Solo again.  This happens more often than not lately.  My once dependable and eager fishing partners have become encumbered with the worldly responsibilities that they once were all too happy to cast off, leaving them unable to wet a line yet again.  That's alright though, this malady has yet to strike me or slow me down, and so I let the rush of early run-off push me further down towards the confluence of this usually low water river to it's confluence with the bow.  I plan to fish above it's mouth as the  afternoon wanes, in the clearer waters of the bow, looking for rising fish with the setting of the sun.  It's as I am crossing this very spot when I see it for the first time...ever!   A caddis hatch so thick it covers the water completely in places.  I have heard of the mother's day caddis hatches before in places south of here, like Montana, Idaho, and Oregon.  I have never witnessed one myself, and didn't think we had them here...until today.  With the battery in my camera dying on me, I was able to get some pictures of the water and the river's edge where all sorts of messy bug copulation was going on.

Caddis Gang-Bang

Love is in the air

Now one would think with a hatch this big exploding all around one's self, that catching a fish would be easy.  This was not the case today, and the big stinky skunk was in full effect.  I saw several guides float by with their clients as I made cast after cast trying to dredge up a trout.  The ones I knew I spoke with, and they informed me that they were having a slow day as well.  I can't figure out why the trout were not eating.  No rising fish and nothing on the nymphs either.  Still, as I slogged my way upstream, back to the truck, against the flow of all that snow melt, I was happy.  Fishing is the only thing I know or act I  have participated in, that makes me happy even when I fail at it.  Next weekend, however, I am going to kill that $#%$# skunk!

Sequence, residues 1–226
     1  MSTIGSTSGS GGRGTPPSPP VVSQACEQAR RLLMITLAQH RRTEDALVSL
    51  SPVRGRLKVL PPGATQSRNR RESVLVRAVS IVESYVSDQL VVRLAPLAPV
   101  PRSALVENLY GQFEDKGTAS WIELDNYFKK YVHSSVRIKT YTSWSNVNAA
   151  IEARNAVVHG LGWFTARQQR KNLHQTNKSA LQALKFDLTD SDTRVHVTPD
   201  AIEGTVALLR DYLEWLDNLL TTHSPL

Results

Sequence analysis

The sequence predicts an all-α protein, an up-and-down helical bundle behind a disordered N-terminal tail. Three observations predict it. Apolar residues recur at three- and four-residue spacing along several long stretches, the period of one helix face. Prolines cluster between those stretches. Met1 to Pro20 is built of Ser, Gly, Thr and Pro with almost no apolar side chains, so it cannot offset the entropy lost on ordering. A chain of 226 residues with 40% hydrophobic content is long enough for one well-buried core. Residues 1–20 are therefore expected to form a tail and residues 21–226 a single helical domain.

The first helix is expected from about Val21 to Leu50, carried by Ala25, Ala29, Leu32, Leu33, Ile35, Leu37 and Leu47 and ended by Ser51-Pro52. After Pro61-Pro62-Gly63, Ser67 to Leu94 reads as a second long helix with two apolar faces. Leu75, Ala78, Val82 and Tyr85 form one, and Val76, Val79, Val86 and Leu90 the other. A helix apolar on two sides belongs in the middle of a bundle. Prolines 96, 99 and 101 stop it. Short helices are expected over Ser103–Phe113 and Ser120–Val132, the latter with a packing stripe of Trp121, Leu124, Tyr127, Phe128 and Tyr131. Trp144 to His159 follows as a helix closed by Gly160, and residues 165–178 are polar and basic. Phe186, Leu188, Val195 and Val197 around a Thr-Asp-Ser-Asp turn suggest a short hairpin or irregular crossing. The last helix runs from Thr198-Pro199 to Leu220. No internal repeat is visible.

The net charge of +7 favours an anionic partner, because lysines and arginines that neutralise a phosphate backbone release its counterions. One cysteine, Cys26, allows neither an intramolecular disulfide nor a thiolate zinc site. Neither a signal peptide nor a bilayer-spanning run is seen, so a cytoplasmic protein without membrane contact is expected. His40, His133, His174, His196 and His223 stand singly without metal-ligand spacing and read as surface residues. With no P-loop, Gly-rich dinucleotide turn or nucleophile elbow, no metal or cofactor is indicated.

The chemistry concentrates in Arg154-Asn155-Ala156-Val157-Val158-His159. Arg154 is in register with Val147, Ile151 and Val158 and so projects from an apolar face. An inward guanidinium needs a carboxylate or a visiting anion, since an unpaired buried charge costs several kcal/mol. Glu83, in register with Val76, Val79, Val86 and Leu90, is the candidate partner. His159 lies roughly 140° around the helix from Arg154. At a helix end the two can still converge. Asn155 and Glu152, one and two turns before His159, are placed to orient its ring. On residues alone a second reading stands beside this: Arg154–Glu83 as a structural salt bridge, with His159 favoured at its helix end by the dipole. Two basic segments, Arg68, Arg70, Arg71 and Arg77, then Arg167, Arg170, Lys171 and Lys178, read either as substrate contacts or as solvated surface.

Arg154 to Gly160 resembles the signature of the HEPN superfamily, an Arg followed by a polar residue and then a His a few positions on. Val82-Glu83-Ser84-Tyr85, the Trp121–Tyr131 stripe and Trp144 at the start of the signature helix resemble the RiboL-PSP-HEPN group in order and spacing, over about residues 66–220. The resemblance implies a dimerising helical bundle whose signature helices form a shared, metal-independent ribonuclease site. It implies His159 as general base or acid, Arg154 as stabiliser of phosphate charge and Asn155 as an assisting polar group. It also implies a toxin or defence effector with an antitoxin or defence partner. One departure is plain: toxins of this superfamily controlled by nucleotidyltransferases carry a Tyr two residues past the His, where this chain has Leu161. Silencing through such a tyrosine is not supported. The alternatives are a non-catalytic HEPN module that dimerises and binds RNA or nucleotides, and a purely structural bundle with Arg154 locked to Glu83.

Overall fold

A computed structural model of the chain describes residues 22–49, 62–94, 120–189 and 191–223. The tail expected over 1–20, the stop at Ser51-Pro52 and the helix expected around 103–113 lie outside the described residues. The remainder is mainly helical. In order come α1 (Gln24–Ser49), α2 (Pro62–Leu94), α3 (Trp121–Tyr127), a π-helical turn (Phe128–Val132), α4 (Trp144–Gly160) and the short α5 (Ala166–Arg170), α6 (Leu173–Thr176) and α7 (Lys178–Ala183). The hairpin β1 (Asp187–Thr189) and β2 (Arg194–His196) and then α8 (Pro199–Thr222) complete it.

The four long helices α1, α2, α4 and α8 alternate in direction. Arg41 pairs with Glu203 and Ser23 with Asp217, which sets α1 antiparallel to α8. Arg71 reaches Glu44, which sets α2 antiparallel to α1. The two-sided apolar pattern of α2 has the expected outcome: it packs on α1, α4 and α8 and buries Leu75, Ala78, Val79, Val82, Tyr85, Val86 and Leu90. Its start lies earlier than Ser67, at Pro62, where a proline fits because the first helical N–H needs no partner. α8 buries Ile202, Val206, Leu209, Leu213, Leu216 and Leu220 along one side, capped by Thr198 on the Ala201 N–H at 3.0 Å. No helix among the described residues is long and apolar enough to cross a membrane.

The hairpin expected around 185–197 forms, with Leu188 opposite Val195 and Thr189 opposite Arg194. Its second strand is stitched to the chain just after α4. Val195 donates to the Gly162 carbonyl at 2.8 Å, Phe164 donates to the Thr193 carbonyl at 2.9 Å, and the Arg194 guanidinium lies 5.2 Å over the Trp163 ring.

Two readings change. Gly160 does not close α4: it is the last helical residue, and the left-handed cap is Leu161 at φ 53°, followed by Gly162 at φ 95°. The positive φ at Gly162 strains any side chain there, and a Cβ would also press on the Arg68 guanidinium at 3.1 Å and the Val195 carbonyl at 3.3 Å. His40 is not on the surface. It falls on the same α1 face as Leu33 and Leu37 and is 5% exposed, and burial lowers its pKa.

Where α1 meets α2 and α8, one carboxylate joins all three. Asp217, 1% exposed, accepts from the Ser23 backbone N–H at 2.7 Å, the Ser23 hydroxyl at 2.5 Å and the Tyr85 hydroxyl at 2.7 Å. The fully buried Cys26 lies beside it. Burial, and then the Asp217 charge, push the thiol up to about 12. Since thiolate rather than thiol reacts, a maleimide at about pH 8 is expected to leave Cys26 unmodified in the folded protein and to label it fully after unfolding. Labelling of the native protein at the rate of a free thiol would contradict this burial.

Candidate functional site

Thursday, May 24, 2012


Is it just me, or does fishing on a day when you would normally be at work, make the experience just that much sweeter?  I love long weekends.  One has time to get the work that needs to be done around the house completed, spend time with the family, and then escape to the lake for a day of fishing with your buddy guilt and hassle free.  And so it was this long weekend.  On Saturday I set up the trampoline that my wife purchased online, making not only the wife happy, but also sending my spawn into a fit of glee!